Note how Willis emphasizes the word “human” in his narration. That’s clearly an attempt to counter the narrative that ivermectin is “horse paste,” a narrative that very much stung ivermectin promoters. It is, of course, true that ivermectin is a human drug. It’s used to treat all sorts of diseases in humans caused by parasitic roundworm species. Examples include ascariasis (roundworm infestation of the small intestine), onchocerciasis (also known as river blindness because the larvae of the filarial worm that causes the disease when introduced into the body by bites of blackflies can infest the eyes and cause blindness), and a number of other diseases. Of course, these sorts of worms also affect animals, for which ivermectin is often used to treat them. In any event, a good portion of the early part of the film involves emphasizing that the developers of ivermectin won the Nobel Prize for their discovery, which is true but misleading because they won the Nobel Prize for discovering how safe and effective ivermectin is for treating roundworm infestations in animals and humans, not discovering that it treats viral disease.
Early in the video, Willis shows a number of clips of news and late night talk show hosts calling ivermectin “horse paste,” followed by a now infamous clip of CNN medical reporter Dr. Sanjay Gupta on Joe Rogan’s podcast sheepishly “admitting” that ivermectin is a human medicine and, worse, just sitting there and taking it as Rogan castigated CNN for telling a “lie” when Anderson Cooper referred to ivermectin as “horse dewormer” (which, of course, it is, among other things). I would argue that it was not unfair to refer to horse paste/dewormer, because around this time last year there were a lot of stories describing how the false claims that ivermectin was a highly effective COVID-19 treatment had led to runs on farm supply stores and leading to severe shortages of horse ivermectin. In brief, people were using the horse version of ivermectin in the false hope of preventing or treating COVID-19. That is a fact, and Dr. Gupta was basically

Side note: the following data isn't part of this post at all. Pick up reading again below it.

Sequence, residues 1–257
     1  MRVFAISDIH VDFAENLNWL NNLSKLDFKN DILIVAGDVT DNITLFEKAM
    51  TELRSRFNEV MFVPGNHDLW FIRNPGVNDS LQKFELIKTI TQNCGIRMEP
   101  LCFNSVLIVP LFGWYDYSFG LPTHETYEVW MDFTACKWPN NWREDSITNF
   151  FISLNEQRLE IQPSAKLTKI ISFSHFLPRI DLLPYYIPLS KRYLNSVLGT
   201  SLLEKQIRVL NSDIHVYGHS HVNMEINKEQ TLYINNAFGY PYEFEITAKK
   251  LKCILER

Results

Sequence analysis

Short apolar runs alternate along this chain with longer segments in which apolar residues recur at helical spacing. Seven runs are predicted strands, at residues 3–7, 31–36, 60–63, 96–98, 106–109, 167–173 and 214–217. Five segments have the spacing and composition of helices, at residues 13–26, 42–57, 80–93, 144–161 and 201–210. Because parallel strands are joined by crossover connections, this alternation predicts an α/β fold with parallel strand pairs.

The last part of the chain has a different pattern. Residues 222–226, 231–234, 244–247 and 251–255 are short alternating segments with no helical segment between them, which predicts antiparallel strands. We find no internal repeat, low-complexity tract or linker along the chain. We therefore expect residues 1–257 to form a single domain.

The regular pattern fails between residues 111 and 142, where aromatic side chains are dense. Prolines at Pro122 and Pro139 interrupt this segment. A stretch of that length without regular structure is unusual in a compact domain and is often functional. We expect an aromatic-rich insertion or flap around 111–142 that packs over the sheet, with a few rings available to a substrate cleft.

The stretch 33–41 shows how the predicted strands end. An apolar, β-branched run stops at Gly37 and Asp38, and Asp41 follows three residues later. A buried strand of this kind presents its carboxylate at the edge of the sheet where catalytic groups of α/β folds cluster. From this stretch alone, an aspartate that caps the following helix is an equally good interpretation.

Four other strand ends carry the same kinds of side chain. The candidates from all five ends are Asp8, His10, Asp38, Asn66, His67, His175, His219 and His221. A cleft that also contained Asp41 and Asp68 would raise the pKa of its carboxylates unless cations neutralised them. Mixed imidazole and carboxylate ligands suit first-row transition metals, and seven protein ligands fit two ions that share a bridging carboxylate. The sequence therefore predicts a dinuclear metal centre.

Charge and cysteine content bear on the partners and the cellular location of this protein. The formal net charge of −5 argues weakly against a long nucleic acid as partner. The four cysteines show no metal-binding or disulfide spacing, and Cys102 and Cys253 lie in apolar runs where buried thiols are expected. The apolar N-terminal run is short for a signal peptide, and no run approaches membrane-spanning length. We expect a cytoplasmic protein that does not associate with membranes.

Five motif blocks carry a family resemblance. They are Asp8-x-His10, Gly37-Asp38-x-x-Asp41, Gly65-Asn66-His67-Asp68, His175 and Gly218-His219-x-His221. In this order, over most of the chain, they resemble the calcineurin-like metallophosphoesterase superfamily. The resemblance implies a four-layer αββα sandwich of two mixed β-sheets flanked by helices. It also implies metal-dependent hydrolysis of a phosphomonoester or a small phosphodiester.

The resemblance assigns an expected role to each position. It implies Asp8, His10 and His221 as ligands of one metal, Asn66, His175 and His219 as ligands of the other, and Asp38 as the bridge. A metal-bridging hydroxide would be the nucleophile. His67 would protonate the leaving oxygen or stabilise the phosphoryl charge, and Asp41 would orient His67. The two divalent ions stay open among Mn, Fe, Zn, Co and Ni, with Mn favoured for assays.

Willis is also apparently very unhappy about ivermectin being portrayed as “dangerous.” Indeed, Willis goes out of his way to cite an FDA Tweet begging people not to take ivermectin by saying, “You are not a horse. You are not a cow.” Early on, there’s a shot of Dr. Paul Marik comparing ivermectin to Tylenol and stating that you are more likely to die from taking Tylenol than ivermectin, which is sort of true but again misleading. For one thing, Tylenol works when used at appropriate doses. For another thing, for Tylenol to kill your liver, you have to take a significant overdose.
While it is true that when used at its appropriate human dose, ivermectin is a very safe drug (which is part of the reason its discoverers won the Nobel Prize), again, people were using the horse formulation and taking large doses, the narrative by Dr. Robert “discoverer of mRNA vaccines” Malone that the per-weight dose of ivermectin is the same for horses as it is for humans not withstanding. Maybe so, but were people scaling the horse dose down to humans, given that horses weigh several times what a typical human does? No, some were using several times the human dose and suffering toxicities serious enough to hospitalize them. It is also admittedly true that the extent of the number of people who suffered toxicity due to ivermectin was exaggerated in the media at times, it is also true that, like all drugs, ivermectin can be toxic, which, given its ineffectiveness treating COVID-19, provides more than enough reason to discourage people from using it for anything other than actual diseases that it is known to be able to treat effectively; i.e., diseases caused by roundworm infestations.